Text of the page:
A little reading to keep you up to date
First, the Telegraph and Argus article.
Second, is the executive summary from the Duncan Reed’s Independent Review of Menston Flooding Problems. There is a link to the full report after.
The extent of flooding problems has been a source of dispute at Menston in connection with planned development of Greenfield sites labelled Bingley Road and Derry Hill. At a late hour, an independent external opinion has been sought.
This report presents that opinion.
The developers have relied on generalised methods of flood estimation that are widely but wrongly applied to such sites. There is always specific local information about drainage and flooding. An important factor neglected in this case is the prevalence of springs and responsive groundwater from the Millstone Grit aquifer underlying the hillside on which Menston sits.
The areal extent of the topographic catchment draining to Derry Hill has also been underestimated.
The hillside on which Menston sits can be summarised as hummocky. It is drained by a
number of small streams. Some of these are seasonal, with flows only occurring in wet
weather and/or when groundwater levels are unusually high.
The progressive migration of Menston village up the hillside has led to problems previously. Because there is no dominant stream, each has in turn been culverted, diverted into sewer systems or obstructed by development. Some defiles lacking a permanent watercourse have been filled in: overlooking that these may be routes taken by floodwater in exceptional conditions.
These problems are heightened by the unique setting of Menston. The most unusual feature is the transverse drainage of Matthew Dike. This watercourse cuts off stream flow from Reva Hill, and guides it eastwards towards Mire Beck.
Were Matthew Dike absent, there would be larger streams in Menston of the kind evident in Burley in Wharfedale: streams that are less easy to culvert or neglect.
It transpires that upper sections of Matthew Dike overflow into the Derry Hill catchment in major flood events such as that of 24 September 2012. Thus the effective catchment to Derry Hill (and to the culvert behind Dick’s Garth Road) – which was already underestimated – is increased further in major floods.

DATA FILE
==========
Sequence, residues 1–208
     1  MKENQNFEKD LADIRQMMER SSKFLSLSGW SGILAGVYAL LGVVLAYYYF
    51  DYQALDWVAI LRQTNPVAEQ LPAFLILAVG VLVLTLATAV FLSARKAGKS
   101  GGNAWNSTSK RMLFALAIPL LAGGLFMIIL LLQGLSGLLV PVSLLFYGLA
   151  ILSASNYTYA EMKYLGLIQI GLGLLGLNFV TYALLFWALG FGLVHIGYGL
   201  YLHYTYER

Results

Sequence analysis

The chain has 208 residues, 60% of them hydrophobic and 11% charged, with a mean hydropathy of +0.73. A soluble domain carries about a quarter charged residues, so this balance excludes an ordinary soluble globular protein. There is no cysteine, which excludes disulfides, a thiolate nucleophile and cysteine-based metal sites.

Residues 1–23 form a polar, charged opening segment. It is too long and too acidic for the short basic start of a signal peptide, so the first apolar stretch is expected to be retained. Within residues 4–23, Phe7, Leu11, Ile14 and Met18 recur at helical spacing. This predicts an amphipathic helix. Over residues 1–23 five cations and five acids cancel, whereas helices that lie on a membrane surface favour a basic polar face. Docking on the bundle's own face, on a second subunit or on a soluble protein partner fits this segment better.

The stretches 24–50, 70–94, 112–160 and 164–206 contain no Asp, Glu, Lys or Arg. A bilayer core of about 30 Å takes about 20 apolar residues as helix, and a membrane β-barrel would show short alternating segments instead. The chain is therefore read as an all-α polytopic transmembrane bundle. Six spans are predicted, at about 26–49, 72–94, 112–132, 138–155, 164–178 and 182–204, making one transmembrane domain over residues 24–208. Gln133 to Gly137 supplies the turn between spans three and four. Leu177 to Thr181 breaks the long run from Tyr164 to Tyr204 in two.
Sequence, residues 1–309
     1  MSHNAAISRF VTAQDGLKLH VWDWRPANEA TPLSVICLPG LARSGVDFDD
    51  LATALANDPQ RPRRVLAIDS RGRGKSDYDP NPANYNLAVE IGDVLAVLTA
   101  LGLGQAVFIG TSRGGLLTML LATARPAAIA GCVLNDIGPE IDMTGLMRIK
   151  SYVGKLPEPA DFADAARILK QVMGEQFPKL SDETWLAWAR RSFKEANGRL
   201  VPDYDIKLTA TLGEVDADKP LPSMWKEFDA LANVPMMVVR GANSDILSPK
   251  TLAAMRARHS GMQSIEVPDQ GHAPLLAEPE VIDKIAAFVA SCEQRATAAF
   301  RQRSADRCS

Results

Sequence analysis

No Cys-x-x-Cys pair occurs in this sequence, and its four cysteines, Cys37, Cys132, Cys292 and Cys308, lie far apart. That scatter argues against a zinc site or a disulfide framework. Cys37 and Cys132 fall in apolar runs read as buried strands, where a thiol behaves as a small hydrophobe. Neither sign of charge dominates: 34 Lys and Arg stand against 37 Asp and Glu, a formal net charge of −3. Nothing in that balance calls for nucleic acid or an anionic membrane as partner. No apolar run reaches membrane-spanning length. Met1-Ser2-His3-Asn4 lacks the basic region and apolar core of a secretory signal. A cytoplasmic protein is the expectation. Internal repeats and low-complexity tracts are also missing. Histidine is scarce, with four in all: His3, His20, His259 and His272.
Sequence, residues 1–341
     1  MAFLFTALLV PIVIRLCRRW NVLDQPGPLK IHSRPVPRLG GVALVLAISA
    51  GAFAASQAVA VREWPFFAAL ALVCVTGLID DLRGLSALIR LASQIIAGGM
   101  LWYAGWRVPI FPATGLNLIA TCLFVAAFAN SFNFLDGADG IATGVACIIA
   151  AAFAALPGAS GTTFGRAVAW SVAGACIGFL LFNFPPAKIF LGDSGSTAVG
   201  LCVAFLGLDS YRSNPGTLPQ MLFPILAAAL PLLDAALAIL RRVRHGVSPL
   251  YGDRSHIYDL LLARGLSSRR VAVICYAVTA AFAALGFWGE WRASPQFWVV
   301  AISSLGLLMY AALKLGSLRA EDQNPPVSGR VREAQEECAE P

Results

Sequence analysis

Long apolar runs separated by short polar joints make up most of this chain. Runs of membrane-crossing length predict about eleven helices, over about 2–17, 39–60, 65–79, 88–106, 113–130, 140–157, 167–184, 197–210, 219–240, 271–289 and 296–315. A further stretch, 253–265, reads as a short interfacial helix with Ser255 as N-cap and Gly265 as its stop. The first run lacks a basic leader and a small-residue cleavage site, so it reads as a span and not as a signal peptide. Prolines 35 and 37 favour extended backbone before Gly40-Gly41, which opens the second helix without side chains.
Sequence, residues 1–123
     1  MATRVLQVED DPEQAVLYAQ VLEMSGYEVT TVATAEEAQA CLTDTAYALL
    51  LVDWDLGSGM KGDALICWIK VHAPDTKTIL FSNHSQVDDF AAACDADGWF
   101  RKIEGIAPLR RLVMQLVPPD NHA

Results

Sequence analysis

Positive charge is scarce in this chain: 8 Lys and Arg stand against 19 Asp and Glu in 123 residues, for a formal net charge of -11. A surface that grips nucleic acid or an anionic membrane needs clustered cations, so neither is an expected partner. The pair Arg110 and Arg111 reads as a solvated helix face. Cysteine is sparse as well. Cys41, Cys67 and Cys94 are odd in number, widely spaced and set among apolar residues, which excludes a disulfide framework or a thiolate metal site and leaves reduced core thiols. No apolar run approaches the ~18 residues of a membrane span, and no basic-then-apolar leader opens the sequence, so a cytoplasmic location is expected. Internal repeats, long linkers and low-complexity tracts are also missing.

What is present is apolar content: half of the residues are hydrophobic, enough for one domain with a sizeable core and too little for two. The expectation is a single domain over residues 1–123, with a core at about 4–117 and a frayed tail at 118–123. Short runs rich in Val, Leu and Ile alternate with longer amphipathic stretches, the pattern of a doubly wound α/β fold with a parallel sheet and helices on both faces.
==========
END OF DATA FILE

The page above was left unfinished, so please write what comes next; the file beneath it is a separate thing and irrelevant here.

A second unusual feature arises from the siting of the huge asylum at High Royds in 1888. My report refers to this chiefly as High Royds Hospital (HRH). HRH was designed to be as self-sufficient as possible, and the availability of a strong source of groundwater was a key asset. The groundwater abstraction at the HRH Pump House continued throughout the lifetime of HRH. The abstraction ceased on closure of the hospital in 2003.
Extension of Menston village southwards has mainly taken place in an era where spring flows were being suppressed by this major abstraction. The spring flows are no longer suppressed and groundwater levels are now typically higher. Agricultural (and other) lands on the hillslope are now typically wetter than previously. The Bingley Road development lies within the area where typical groundwater levels can be expected to be appreciably higher than during the lifetime of HRH.
The report explores these and other features. The penultimate chapter tentatively considers some actions that might make the Bingley Road and Derry Hill sites less flood-prone.
SO WITH REGARD TO THE BELLWAY HOMES DEVELOPMENT ON BINGLEY ROAD
Nothing has changed since Dr Duncan W Reed’s independent Flooding and Drainage report (click text to view) which convinced Bradford Council to refuse planning permission and Taylor Wimpy to withdraw from building on the Bingley Road site.